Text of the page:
11 Feb 2020

GYO share this month's crops to sow and harvest

GYO share this month's crops to sow and harvest

Whilst it might not be the traditional high season for gardening, that doesn't mean everything stops for avid gardeners. Our partners over at Grow Your Own Magazine have broken down the top of the crops for sowing, planting and harvesting in autumn to help you guide your customers to the best plants for their veggie patches this season. 


Broad beans: If you live in a mild area of the UK then you can make sowings of this crop now. In 30 weeks you should be rewarded with tasty pods 

Cauliflowers: Sow seeds 2cm deep in a seed bed, allowing 60cm between rows for larger cultivars 

Salad crops: Provide protection from frosts by starting seeds under cover if you wish to keep harvesting these productive greens 


Apples: Be sure to buy a named cultivar from a specialist nursery to avoid potential issues such as harmful diseases 

Cherries: Avoid shallow, sandy or badly drained soils for the best chance of success 

Currants: New bare-rooted bushes can be planted now, as well as those growing in a container 

Garlic: Cloves need a chilling period, so now is an ideal time to get them in the ground. They can also be started off in modules if the ground is too wet to work with 

Gooseberries: Choose a sunny position with fertile soil to achieve a bumper crops of this tasty fruit 

Nectarines and peaches: Bare-root varieties can be planted from November to March and are best positioned in a sheltered spot, away from potential frost pockets 

Pears: Choose a sunny and fertile site with protection from frosts to plant these productive trees Plums: This crop needs a lot of moisture to thrive, so it is best suited to clay or loamy soils Raspberries: Autumn varieties can be planted now, but remember to weed the ground thoroughly before you begin 

Rhubarb: This edible doesn't do well in waterlogged soil, so many sure the ground is free-draining before you plant it

gyo guest blog someone sowing seeds


Apples: Make sure you have picked all of the fruit from your trees before the end of the month. If kept in suitable conditions they will store well for months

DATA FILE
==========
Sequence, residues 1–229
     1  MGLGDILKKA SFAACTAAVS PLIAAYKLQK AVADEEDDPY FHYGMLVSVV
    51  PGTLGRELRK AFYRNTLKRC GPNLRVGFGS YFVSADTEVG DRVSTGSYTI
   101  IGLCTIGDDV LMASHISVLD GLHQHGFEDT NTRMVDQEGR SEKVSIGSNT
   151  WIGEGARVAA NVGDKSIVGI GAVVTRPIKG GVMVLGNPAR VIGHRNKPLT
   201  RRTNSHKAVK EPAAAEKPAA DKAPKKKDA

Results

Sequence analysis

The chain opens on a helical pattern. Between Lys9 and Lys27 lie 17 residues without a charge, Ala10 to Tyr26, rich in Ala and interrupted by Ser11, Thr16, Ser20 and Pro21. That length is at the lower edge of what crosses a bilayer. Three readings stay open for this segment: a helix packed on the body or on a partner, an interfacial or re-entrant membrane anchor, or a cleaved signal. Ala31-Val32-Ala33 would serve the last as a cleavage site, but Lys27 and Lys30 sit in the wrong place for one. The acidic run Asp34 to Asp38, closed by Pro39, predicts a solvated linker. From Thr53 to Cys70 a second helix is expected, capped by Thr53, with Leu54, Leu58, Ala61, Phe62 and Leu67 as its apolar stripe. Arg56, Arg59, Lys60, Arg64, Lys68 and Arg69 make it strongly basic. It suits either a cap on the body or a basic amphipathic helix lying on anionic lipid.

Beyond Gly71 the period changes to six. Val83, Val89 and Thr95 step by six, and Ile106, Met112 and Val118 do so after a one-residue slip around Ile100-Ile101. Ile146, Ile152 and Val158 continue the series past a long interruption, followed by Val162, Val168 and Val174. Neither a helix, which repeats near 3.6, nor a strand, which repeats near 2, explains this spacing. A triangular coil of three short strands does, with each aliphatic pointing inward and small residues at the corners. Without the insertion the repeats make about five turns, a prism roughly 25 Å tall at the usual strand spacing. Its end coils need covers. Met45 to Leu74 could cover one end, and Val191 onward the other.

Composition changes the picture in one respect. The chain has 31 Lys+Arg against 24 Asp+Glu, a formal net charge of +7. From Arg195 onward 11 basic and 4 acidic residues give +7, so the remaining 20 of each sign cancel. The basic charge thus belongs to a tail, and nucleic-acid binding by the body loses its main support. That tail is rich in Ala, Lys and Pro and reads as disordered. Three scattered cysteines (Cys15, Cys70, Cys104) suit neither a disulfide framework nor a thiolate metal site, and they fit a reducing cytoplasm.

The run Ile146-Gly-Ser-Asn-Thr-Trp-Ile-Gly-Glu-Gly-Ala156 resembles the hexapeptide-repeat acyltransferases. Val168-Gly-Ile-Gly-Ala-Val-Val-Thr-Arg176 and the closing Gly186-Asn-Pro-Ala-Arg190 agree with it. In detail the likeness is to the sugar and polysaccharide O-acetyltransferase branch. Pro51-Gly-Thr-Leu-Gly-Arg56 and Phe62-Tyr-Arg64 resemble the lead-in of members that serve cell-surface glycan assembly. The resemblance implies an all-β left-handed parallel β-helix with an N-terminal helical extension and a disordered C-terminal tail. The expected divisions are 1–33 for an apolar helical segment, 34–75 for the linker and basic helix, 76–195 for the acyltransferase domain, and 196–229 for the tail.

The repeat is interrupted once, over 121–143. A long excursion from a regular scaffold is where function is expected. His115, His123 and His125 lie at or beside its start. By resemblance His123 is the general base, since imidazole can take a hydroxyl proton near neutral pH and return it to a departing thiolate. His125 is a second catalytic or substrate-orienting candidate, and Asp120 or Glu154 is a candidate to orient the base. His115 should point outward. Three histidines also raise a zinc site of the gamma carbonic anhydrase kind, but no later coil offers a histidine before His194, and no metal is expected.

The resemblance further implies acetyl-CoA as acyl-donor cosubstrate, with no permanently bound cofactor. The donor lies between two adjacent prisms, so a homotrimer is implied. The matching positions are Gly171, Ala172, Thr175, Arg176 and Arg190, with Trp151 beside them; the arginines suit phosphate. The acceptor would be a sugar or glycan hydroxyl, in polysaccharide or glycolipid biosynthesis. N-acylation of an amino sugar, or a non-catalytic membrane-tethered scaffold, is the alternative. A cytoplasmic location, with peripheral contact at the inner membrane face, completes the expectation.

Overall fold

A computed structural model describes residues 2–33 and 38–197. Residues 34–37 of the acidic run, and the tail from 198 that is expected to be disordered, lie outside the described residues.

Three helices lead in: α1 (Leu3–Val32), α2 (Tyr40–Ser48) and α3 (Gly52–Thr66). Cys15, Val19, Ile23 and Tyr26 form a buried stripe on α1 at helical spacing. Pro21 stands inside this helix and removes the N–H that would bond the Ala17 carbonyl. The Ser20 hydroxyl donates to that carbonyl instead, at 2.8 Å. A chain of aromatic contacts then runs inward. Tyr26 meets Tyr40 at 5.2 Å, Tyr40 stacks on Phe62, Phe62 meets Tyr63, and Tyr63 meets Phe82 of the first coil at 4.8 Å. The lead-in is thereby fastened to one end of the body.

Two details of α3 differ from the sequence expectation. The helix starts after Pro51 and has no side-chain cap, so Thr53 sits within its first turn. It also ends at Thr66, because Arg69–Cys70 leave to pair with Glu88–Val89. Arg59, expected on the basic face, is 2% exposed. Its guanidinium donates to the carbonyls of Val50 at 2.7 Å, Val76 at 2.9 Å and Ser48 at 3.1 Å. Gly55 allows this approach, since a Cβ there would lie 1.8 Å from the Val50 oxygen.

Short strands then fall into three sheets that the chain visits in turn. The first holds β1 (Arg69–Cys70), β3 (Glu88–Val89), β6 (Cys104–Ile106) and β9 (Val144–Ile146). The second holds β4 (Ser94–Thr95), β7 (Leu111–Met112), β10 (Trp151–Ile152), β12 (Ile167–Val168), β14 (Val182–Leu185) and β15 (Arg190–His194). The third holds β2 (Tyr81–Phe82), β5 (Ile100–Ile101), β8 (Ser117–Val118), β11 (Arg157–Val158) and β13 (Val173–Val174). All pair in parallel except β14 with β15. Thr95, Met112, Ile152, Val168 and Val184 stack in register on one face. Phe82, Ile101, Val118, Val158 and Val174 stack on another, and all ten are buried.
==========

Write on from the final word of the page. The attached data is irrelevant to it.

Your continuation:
Brussels sprouts: Start harvesting buttons from the base of the plant and work your way upwards 

Cabbages: Continue to cut the heads when they grow to a suitable size. Keep netting in place for pest protection 

Cauliflowers: Autumn varieties can be cut now. If you keep some of the outer leaves intact then your harvest will stay fresher for longer 

Celeriac: This root can be left in the ground if covered with straw or a similar material for frost protection. Lift the yields as and when they are needed 

Chicory: Red and sugarloaf types should be taken by the end of the month if they are growing outside 

Cranberries: When the fruit turns a deep red colour then it is ready to be hand picked 

Grapes: Harvest the fruit by hand when it is fully coloured – this is dependent on variety Jerusalem artichokes: Lift these tubers from the ground this month, being careful not to pierce the skin with a fork 

Kale: The large leaves can be taken now, but this plant will continue to flourish even through winter 

Kohl rabi: If you sowed this crop in the summer, it may be ready for harvesting now 

Leeks: Cut these tasty stems whenever you need them. They store well if left in the ground over winter 

Lettuce: Pick these crunchy leaves by cutting them with a sharp knife and enjoy them in winter salads. Cut-and-come-again types will keep rewarding you with leaves through the month

Parsnips: If you want the best flavour from your roots then it is best to leave them through a few frosts before lifting 

Pears: Take this fruit just before it is ready as it develops much more successfully when allowed to ripen in a fruit bowl 

Radishes: Make successional sowings of this speedy crop and you will be in an abundant supply of peppery roots 

Salad leaves: Cut the foliage regularly from this plant and they will reward you with multiple harvests 

Swede: Take the roots when they are large enough to use. Use straw for frost protection if you don't plan on using them all at once 

Swiss chard: Pick the leaves regularly and protect them with a cloche if colder weather is forecast 

Turnips: Once the roots have reached the size of a golf ball then you can start lifting from the middle of this month


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